Sure, expansion is a good thing, but the risks were at least as big as the potential gains. After all, every one of the new markets that ‘More Roads’ proposed to enter was already populated by other manufacturers, all with years of experience and product development focussed on those fields. Just as firms like Honda or BMW have always struggled to get a foothold in Harley’s cruiser territory, the chances are that H-D would have hit rocks in its efforts to muscle in on markets dominated by others. Worse, the focus on new goals brought the risk of Harley taking its eye off the ball in the US cruiser market that it dominates, opening the door to rivals who’d be only too happy to take a slice of that pie.

So what are the ‘Hardwire’ ideas? According to the firm, the first priority is profit. Not something that customers might want to hear – after all, it’s their money that goes into those profits – but shareholders will no doubt be happy.

The route to more profit is, according to the plan, strengthening Harley’s position in the touring, large cruiser and trike segments. In other words, focussing on the bikes that the company already sells rather than putting all its hope into potential future products.

Next up comes ‘selective expansion’, with the focus on the headline model from 2018’s plan that has survived the cull – the Pan America adventure bike. Virtually every bike firm on the planet has looked on with envy as BMW romps from sales record to sales record with successive generations of the R1250GS, and it’s a market that Harley believes it can take a bite from. The bike’s full reveal will come later this month along with more news of another survivor of the ‘More Roads’ plan, the as-yet-nameless cruiser that bears the same water-cooled Revolution Max engine that debuts in the Pan America.

Electric bikes – a field that Harley has become an unlikely leader in after the development efforts that went into the LiveWire – will also play a part in the firm’s future. Harley is creating a separate division to focus on electric products, separating them from its main R&D efforts. During a conference call when the plans were announced, Zeitz suggested that the near-term future for electric motorcycles remained urban transport, perhaps a hint that the planned Harley electric scooter that’s been in development for a couple of years will be the next move in that direction.

Elsewhere, Harley wants to grow its non-motorcycle business, the parts and accessories, merchandise and financial services arms of the company that have long provided a reliable back-up income stream. As part of this, the firm plans to create a used bike resale scheme – Harley-Davidson Certified – for customers who want a factory-approved second-hand Harley.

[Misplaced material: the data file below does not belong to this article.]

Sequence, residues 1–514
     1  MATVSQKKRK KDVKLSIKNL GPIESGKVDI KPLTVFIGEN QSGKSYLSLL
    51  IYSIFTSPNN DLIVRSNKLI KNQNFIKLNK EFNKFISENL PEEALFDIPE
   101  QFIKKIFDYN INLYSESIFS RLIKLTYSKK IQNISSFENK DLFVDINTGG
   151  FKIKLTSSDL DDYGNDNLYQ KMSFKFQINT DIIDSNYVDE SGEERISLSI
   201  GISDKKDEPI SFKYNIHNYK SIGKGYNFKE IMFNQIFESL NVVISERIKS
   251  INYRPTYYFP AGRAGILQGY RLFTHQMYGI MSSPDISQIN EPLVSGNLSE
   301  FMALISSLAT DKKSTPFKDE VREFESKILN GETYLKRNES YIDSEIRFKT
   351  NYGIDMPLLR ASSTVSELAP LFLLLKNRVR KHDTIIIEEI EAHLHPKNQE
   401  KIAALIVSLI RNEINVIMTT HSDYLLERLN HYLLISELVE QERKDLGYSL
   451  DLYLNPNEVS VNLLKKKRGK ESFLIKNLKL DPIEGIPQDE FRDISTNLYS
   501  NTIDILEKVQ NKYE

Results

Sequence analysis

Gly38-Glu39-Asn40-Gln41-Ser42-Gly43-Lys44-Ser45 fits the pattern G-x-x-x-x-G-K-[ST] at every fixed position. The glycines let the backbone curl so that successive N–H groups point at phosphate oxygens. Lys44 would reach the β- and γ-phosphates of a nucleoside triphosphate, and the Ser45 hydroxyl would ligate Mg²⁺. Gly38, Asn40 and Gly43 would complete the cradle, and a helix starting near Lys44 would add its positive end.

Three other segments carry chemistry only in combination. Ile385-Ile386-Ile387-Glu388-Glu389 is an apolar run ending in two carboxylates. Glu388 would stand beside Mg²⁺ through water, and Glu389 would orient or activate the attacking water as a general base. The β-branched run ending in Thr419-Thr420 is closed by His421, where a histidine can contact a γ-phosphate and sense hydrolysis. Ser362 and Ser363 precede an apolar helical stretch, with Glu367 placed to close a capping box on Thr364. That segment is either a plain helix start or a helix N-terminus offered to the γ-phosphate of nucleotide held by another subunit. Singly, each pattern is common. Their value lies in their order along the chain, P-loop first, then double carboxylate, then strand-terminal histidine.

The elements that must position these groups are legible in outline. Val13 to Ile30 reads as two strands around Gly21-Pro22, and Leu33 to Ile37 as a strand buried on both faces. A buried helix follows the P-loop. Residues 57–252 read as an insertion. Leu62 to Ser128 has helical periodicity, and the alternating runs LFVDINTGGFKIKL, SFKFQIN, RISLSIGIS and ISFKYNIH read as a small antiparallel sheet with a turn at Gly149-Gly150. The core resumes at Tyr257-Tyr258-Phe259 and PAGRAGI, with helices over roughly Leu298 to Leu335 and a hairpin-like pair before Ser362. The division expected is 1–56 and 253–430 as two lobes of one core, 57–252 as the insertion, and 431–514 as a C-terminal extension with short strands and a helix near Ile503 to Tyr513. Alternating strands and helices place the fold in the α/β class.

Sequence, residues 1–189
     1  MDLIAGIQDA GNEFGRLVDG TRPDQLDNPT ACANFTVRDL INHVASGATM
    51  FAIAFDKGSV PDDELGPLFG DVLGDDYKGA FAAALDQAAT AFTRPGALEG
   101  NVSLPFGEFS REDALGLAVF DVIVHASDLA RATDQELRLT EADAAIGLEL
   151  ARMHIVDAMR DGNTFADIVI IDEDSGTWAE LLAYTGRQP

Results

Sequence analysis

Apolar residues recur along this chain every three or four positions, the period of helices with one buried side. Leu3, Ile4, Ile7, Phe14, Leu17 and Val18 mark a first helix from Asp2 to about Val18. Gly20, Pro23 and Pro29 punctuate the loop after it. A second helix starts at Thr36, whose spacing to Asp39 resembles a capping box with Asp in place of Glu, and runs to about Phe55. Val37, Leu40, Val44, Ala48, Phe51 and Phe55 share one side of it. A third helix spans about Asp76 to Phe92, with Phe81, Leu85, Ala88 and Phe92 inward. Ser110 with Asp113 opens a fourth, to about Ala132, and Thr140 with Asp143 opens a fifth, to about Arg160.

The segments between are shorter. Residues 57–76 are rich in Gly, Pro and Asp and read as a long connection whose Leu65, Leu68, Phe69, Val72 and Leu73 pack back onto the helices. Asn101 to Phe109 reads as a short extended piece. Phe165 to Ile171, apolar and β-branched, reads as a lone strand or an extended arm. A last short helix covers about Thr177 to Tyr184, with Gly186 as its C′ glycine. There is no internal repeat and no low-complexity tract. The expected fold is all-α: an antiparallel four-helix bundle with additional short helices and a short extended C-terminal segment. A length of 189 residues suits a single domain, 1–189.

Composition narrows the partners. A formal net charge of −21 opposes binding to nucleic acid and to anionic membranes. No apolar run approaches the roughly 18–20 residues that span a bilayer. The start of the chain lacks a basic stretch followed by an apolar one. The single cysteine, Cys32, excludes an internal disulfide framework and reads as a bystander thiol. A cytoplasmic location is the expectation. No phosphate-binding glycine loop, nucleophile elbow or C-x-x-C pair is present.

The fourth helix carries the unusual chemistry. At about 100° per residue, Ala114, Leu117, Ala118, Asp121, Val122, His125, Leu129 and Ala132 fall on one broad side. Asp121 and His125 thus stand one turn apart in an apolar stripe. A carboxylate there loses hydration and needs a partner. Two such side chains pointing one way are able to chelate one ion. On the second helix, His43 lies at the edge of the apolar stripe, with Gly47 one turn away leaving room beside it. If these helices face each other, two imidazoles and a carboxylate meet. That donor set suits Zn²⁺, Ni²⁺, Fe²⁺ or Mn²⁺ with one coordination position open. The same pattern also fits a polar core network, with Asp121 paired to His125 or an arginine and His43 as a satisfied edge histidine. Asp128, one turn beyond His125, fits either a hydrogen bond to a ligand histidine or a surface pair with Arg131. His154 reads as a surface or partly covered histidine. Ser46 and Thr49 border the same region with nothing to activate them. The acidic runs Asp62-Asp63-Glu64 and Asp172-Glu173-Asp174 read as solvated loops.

During the announcement of the Hardwire plan, Zeitz mentioned more than once that the firm is going to be staying quiet about upcoming models until their launches – a significant reversal from the ‘More Roads’ plan which set out a detailed roadmap of several years’ of planned model introductions and one that means in future the firm isn’t going to be in the uncomfortable position of cancelling bikes that it had previously announced. That’s exactly what happened with the Bronx streetfighter, which was pulled from the firm’s plans just months before it was due to go on sale, having again been part of the ‘More Roads’ expansion strategy.

It’s worth noting, however, that despite a renewed focus on the US market and established product areas, Harley’s extensive footnotes to its plan reveal it still intends to ‘develop and maintain’ a relationship with Chinese firm Qianjiang, which is developing the proposed Harley 338R small-capacity parallel twin, and a relationship with Hero MotoCorp in India, which will be distributing Harleys there and also using the brand’s name on Indian-developed products in the future.

The rest of Harley’s announcements today related to the firm’s financial performance in 2020, which was understandably deeply impacted by the COVID pandemic.

For the full year, the firm’s overall revenue was down 24%. In 2020 the firm shipped 145,246 bikes, down 32% on 2019’s total, with ‘touring’ and ‘cruiser’ models making up more than 76% of those machines, while the smaller ‘Street’ and ‘Sportster’ ranges combined added up to less than 24%.

Harley Davidson’s plan to take iconic motorcycle brand into transportation’s future

By General Posts

by Joe D’Allegro from https://www.cnbc.com

  • Harley-Davidson unveiled a new 2021 lineup featuring several advances in engineering, electronics and styling, and its first rival to BMW and Honda “adventure” bikes.
  • Hog motorcycle sales peaked 15 years ago and have dropped 40% since.
  • But as it cuts costs, total number of models and geographies under a new CEO, and looks to electric motorcycles and e-bikes, Harley could be in for a smoother stock market ride.

As a tradition-minded 118-year-old motorcycle manufacturer, Harley-Davidson may not seem ideally situated to prosper in a rapidly changing world where vehicles are increasingly electrified, self-driving, and shared. But the iconic company could be better positioned than many stock market investors betting on transportation suspect.

The company’s U.S. bike sales peaked at more than 260,000 way back in 2006, and have since dropped about 40%. Demographics are part of the story, and it is a well-charted one, in the stock price and broader narrative about Harley’s consumer market. In 1985, the year before Harley went public, the median motorcycle owner was only 27, according to the Bureau of Transportation Statistics. By 2018, the median age had risen to 50. But the iconic “HOG” brand is turning itself around under the leadership of president and CEO Jochen Zeitz, who took the helm last year after drawing praise for a turnaround engineered at European consumer brand Puma.